Wednesday, December 15, 2010

Texas Insects

(Atta texana)

So enthralled with watching this army of ants at work, I only took this one picture of the pile of leaf pieces
 left outside the entrance to their tunnel.
These ants were following the trail to home,
carrying pieces of leaves that, as you can see here, 
were larger than the ants themselves. 
It was quite a sight.

When I looked them up, I was amazed at what I learned. 
These are fungus ants, found mainly 
in the south central and eastern parts of Texas. 
Basically, the worker ants bring pieces of leaves to the nest,
other worker ants chew them up into little pieces,
yet other worker ants carry them to the appropriate chambers up to 8 feet down (everyone has their own job to do),
where the chewed up leaves turn into a fungus.
They are cultivated fungus gardens for food,
with proper venting, and everything!
It's necessary to farm the gardens properly,
because, according to What's That Bug,
the population of one colony can number up to
2 million ants!
Their underground habitat can spread out to over 1/2 acre,
rendering them difficult to manage
and presenting a large problem to farmers,
who lose an estimated
$5 million annually to these hungry critters!
Homeowners aren't too crazy to share space with them, either!


Leora said...

I always admire someone who can enjoy ants. Yes, I would be the not too happy to have ants homeowner as well.

I love the poetic format you gave to your prose.

Rambling Woods said...

How interesting...I love the folks at BugGuide and Whats that helpful. I had never heard of these ants and it is amazing, but I can see why the farmers wouldn't like them. I found a blog devoted just to ants and I can't remember the name. Maybe it was the Ant Blog...Thank you for posting to Nature Notes... Michelle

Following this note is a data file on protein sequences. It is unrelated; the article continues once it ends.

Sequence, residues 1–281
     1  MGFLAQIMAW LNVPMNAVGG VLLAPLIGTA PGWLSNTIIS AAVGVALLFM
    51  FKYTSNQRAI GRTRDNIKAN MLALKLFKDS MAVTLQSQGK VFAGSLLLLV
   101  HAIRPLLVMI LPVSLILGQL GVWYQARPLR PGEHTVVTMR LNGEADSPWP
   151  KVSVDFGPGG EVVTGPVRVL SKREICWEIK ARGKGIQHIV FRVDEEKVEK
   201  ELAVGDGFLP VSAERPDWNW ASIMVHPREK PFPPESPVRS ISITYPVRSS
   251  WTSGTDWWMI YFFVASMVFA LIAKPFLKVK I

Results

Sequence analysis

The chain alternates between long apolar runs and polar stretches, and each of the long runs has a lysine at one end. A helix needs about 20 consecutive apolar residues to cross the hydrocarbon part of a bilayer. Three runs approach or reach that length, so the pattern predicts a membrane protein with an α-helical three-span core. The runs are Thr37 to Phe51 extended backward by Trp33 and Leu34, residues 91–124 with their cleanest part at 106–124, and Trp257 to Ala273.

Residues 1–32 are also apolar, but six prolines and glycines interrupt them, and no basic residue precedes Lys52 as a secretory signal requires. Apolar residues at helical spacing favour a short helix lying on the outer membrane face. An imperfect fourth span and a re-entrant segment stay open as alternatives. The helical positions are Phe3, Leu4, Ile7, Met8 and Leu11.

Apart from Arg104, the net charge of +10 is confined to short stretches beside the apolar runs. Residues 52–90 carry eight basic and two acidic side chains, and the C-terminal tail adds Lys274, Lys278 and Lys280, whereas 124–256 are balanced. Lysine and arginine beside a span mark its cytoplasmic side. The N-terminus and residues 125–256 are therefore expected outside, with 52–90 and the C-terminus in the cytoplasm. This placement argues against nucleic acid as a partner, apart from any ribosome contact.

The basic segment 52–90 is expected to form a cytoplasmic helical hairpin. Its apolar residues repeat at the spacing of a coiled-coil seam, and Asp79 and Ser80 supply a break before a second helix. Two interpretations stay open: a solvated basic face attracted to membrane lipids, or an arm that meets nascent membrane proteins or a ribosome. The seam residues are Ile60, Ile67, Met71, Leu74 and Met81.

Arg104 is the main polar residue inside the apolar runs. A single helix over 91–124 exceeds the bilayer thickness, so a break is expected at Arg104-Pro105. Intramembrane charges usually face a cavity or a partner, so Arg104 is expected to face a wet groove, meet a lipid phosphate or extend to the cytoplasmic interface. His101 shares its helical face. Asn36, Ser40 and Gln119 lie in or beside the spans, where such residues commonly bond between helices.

walk2write said...

I used to enjoy watching ants at work, up close, until I moved to Florida and met the fire ant! They're all pretty amazing, though, and I have to admit that even the bothersome fire ants do me a favor by keeping my garden beds aerated. They do make me want to garden in stilts:)

Just Ramblin' said...

What a fascinating time you had and how interesting to learn about these ants. I wonder how many others would have stopped and observed what was taking place. I'm sure they must be very frustrating to the farmers. Nola

Greenearth said...

What amazing ants.

Bob Bushell said...

A beautiful image.

Linda said...

Hi Karen,
Fascinating photo and story of the Leaf-cutter Ant...First time I heard of the name, which makes it all the more exciting for me! They sure are brilliant little critters and hard workers....Thanks for sharing and have a great day too!! Cheers, Linda :)

Stephanie said...

Wow that's one HUGE colony of ants. I never realized the size of an underground tunnel they can create. I don't think many people are too fond of ants.

Carver said...

What an interesting post. Amazing what the ants can accomplish.

Anonymous said...

Nature is fascinating, isn't it? I love the pile of leaves!

Audrey said...

Ants are really amazing!

Carrie P. said...

Well those ants are prepared with that pile. Interesting post.

Denise said...

Ants are fascinating, such clever and industrious little things. Great shot and a very interesting post. Thank you for sharing the What's That Bug link.

This Is My Blog - fishing guy said...

Karen: Neat capture of the ants and a great story. I saw similar red ants in Mexico and they had worn a path in the dirt.

EG Wow said...

I think the more I know about insects the more amazed I am. One colony of Texas leaf-cutter ants can have as many as 2 million? WOW!

Living In Williamsburg Virginia said...

Wow, what cooperation and work ethic. Great photo and interesting lesson.

Darryl and Ruth : )

Lily Hydrangea said...

This is fascinating stuff KaHolly.
& doesn't that seem like a gigantic tunnel for those little ants to be using too?

Marvin said...

I remember "Cut Ants" from my days growing up on the Texas coast. My Dad was always trying to get something to grow in our mostly sand yard and leaf cutter ants were his nemesis. They could strip a small shrub of all its leaves overnight.